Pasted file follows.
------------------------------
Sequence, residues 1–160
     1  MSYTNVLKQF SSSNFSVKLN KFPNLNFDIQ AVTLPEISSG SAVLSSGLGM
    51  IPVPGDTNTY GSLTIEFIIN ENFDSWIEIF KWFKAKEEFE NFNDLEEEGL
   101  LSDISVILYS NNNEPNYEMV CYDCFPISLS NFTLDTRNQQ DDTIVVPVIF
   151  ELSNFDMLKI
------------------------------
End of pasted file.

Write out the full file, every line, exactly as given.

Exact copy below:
Sequence, residues 1–160
     1  MSYTNVLKQF SSSNFSVKLN KFPNLNFDIQ AVTLPEISSG SAVLSSGLGM
    51  IPVPGDTNTY GSLTIEFIIN ENFDSWIEIF KWFKAKEEFE NFNDLEEEGL
   101  LSDISVILYS NNNEPNYEMV CYDCFPISLS NFTLDTRNQQ DDTIVVPVIF
   151  ELSNFDMLKI